CYC Shanghai Shirt Company



CYC is a clothing firm best known for its custom-made shirts and corporate wear. Founded as CYC Shanghai Shirt Company in 1935, it became a leader in Singapore’s shirt industry and attracted customers from Malaysia and Indonesia during its heyday.1 Now known as CYC The Custom Shop, the company has an impressive clientele, including international and corporate clients as well as leaders in the political and business fields.2

Background
In the 1930s, Chiang Chin Fook and his wife Foo Ah Neok operated a shop offering custom-made shirts in Swatow, China.3 Chiang, originally from Ningbo, cut the fabric while Foo was the seamstress.4

After the birth of their second son, Chiang and Foo decided to emigrate to Singapore to seek better opportunities.5 The couple set up a tailor’s shop on Hill Street in 1935, and moved to Selegie Road shortly afterwards.6 Chiang also went by the alias Chiang Yick Ching, the initials that contributed to the company name – CYC Shanghai Shirt Company.7

Management of the shop was passed to Foo after Chiang passed away in the 1940s. She was later joined by her sons, Chiang Sing Choo and Chiang Ping Choo.8 In the 1960s, the brothers launched a campaign to promote CYC’s custom-made shirts, which proved to be very popular. Orders flooded in at their shop and in bulk from department stores. To keep up with orders, CYC set up a small factory in a shophouse on Middle Road. When this proved inadequate, a new factory was established at Wilkie Road.9

Expansion
As CYC became well known, customers came from Malaysia and Indonesia to have shirts made there.10 The company also became known for supplying shirts to political and business leaders, including Singapore’s first prime minister, Lee Kuan Yew.11

In the 1960s, CYC became a private limited company, with Foo as the company’s chairman, Chiang Ping Choo as managing director and Chiang Sing Choo as director.12 The company also began producing ready-made shirts. Its outlets on Selegie Road and North Bridge Road were among the first stores in Singapore to be air-conditioned.13

By the 1970s, CYC had six stores in Singapore. It also set up a five-storey factory on MacPherson Road, which cost S$2.2 million.14 The facility was one of the most advanced garment factories in the country at the time. Employing several hundred workers and automated production processes, the factory had a monthly production capacity of 20,000 shirts.15 In 1973, CYC appointed trading house Guthrie to market their shirts overseas.16 At its peak, the company recorded about S$6 million in annual sales. In addition to its outlets on Selegie and North Bridge roads, it also had shops at Tanglin Shopping Centre, High Street, Circular Road, Katong and Thomson.17

Decline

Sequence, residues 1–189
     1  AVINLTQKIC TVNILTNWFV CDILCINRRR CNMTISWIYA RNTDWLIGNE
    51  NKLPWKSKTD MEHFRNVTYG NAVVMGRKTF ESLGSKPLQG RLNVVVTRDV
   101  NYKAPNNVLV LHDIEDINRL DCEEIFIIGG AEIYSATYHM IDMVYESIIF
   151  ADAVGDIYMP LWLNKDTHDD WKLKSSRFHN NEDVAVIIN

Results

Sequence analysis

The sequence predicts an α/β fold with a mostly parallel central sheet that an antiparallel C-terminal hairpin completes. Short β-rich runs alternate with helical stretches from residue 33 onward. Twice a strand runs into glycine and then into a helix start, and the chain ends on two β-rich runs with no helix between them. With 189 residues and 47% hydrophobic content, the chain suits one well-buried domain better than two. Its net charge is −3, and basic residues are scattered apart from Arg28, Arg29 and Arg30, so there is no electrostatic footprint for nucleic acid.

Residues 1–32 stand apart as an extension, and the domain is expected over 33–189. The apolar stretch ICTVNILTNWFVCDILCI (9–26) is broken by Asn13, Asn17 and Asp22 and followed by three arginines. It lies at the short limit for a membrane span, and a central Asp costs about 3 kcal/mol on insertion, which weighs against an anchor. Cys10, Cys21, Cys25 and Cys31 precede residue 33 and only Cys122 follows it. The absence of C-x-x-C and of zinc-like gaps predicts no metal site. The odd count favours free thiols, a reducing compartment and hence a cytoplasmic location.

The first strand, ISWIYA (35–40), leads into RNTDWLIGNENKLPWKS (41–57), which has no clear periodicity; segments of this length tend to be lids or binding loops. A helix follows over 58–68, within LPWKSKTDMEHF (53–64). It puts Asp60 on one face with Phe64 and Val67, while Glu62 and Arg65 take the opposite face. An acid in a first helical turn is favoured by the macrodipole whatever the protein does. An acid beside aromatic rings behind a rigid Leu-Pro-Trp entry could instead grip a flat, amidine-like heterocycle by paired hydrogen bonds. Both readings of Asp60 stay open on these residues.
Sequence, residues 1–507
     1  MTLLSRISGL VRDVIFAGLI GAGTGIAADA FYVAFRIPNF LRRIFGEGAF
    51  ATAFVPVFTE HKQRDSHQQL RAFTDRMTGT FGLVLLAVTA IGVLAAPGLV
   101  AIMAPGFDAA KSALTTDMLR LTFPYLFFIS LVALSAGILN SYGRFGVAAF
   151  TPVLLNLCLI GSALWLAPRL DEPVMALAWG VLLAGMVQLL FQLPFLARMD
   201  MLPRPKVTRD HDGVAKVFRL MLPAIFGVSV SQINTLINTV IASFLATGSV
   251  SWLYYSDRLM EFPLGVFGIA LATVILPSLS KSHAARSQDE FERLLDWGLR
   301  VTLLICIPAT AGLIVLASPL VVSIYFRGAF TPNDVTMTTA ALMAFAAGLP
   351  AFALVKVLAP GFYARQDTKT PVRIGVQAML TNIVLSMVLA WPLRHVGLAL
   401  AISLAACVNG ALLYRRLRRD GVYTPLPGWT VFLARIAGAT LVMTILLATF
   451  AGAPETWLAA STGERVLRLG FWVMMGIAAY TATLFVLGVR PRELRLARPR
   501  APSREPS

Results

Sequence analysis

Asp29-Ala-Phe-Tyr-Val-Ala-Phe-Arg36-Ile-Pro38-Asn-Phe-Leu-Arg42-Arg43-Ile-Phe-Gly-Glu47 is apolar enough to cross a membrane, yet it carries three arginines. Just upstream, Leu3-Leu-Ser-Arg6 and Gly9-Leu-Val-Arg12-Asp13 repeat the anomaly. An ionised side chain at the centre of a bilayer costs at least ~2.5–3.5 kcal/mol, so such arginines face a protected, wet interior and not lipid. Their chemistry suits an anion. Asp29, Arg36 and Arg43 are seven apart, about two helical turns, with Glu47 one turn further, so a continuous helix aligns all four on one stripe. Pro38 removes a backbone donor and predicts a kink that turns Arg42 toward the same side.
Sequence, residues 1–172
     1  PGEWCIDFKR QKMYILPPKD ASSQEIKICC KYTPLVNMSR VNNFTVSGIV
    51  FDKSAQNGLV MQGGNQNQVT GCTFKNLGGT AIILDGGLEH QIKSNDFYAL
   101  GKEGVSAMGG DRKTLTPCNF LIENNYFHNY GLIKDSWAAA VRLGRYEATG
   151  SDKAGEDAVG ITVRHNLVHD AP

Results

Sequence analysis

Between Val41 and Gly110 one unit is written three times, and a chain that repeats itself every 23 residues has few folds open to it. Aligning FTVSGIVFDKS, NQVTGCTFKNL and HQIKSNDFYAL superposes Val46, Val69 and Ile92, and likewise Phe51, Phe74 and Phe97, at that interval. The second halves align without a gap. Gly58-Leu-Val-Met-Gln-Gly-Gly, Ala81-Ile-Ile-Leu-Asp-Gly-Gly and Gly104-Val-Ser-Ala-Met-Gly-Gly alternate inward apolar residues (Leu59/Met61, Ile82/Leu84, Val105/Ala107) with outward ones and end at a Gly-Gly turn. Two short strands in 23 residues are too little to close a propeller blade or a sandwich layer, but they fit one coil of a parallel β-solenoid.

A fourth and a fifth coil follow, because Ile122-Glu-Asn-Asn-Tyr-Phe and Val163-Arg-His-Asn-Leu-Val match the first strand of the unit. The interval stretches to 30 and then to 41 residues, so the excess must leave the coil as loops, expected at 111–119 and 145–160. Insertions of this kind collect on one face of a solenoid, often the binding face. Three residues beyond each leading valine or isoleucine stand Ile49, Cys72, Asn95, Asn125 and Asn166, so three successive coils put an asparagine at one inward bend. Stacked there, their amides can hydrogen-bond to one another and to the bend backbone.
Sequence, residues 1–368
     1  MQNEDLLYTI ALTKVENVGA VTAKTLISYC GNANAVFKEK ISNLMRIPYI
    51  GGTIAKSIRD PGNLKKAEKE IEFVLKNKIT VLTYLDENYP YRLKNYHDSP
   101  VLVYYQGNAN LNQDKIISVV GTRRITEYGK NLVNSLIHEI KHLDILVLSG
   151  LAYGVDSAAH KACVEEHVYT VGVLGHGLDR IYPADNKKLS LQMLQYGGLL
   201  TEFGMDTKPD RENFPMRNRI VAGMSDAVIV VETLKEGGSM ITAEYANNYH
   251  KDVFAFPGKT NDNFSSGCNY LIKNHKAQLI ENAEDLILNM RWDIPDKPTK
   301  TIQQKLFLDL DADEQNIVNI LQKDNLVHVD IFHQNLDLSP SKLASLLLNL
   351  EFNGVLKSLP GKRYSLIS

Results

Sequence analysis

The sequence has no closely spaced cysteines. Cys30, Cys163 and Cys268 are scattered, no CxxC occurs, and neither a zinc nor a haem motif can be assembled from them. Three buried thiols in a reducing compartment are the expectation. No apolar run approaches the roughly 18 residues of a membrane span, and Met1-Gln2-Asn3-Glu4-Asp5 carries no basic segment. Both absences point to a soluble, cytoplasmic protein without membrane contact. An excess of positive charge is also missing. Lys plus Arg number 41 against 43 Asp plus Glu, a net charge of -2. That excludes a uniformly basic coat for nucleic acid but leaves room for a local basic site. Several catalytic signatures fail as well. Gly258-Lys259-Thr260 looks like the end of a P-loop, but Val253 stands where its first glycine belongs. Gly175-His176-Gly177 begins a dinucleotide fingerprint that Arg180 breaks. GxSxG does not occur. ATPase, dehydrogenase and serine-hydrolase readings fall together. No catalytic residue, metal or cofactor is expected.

The first signs of a decline in the business came soon after the factory at MacPherson opened. In 1973, CYC suffered financial losses and had difficulties recruiting workers. The company contemplated selling its new factory as overheads were high and demand was lower than the factory’s production capacity. However, the company was able to maintain production and sales as it continued to receive overseas orders. It also denied rumours that it was facing bankruptcy due to financial difficulties.18

By the early 1980s, CYC faced competition from new brands that offered contemporary designs and invested heavily on advertising. CYC’s image suffered as the next generation of customers perceived the brand as old-fashioned. Garment chains such as Heshe and 2nd Chance emerged on the scene, taking market share from the company. The influx of new shirtmakers in the market also drove prices down.19 In addition, CYC’s reputation for quality was hurt by regular warehouse sales of unsold shirts, while its overseas trade was cannibalised by counterfeit CYC shirts.20 The situation was made worse by an economic recession from 1983 to 1984 and an exit tax on Indonesian tourists, who made up a significant proportion of CYC’s customer base.21

By 1992, CYC’s retail chain had shrunk to two shops. Its sales had fallen to around 20,000 shirts annually, which was the monthly sales quantity a decade ago.22

Leadership change
Despite mounting problems, the Chiang brothers believed that the company could still grow on the strength of its reputation, without a need for rebranding or innovation.23

In April 1992, Ping Choo passed away and his brother Sing Choo became too ill to work soon after. A family meeting was then held to decide on CYC’s leadership, and a strong vote of confidence was given to Fong Loo Fern, Sing Choo’s daughter.24 Fong had helped out at CYC since the age of 12.25 She joined the company officially in 1977, after graduating from the University of Singapore with an accountancy degree.26 At the time, her proposal to update the company’s merchandise and shop layout was met with resistance from her father and uncle.27 She left CYC in 1985 and joined the United States Department of Commerce, before returning to CYC in 1992 as its managing director.28

One of Fong’s first major decisions as managing director was to sell the factory at MacPherson – which had become too large for the company’s workforce – for S$7.2 million.29 CYC also closed its shops on Selegie and North Bridge roads, as both areas were slated for redevelopment. In addition, the company moved to new premises at Genting Lane, which housed its headquarters and a new factory.30

With funds from the factory sale, Fong engaged business consultants to develop a long-term strategy for CYC. She also hired a design consultant to revamp its image, including coming up with a new logo and branding for its retail outlets. A main thrust of the company’s new strategy was to refocus on its tailoring roots. Consequently, the division that produced ready-made shirts was closed down to save costs, while a new flagship store was opened at Raffles Hotel.31 The company also focused on attracting more corporate clients, with a new division to manufacture uniforms for companies such as the Conrad and Raffles hotel groups, Takashimaya and the Central Provident Fund Board.32 Corporate wear made up nearly 50 percent of the company’s turnover in 2002.33

Subsequent initiatives
CYC’s  initiatives in the 2000s included more exports, setting up overseas outlets, and introducing workwear for women and mobile tailoring services.34 In 2005, the company received the Singapore Promising Brand Award for brand communication.35 In the same year, the company set up its first overseas office and showroom in London.36 Continuing with its tradition of bespoke tailoring, customers could even make an appointment for a CYC tailor to visit them at their home or office.37 In 2009, corporate workwear, menswear and womenswear each had almost equal weightage in CYC’s overall business output.38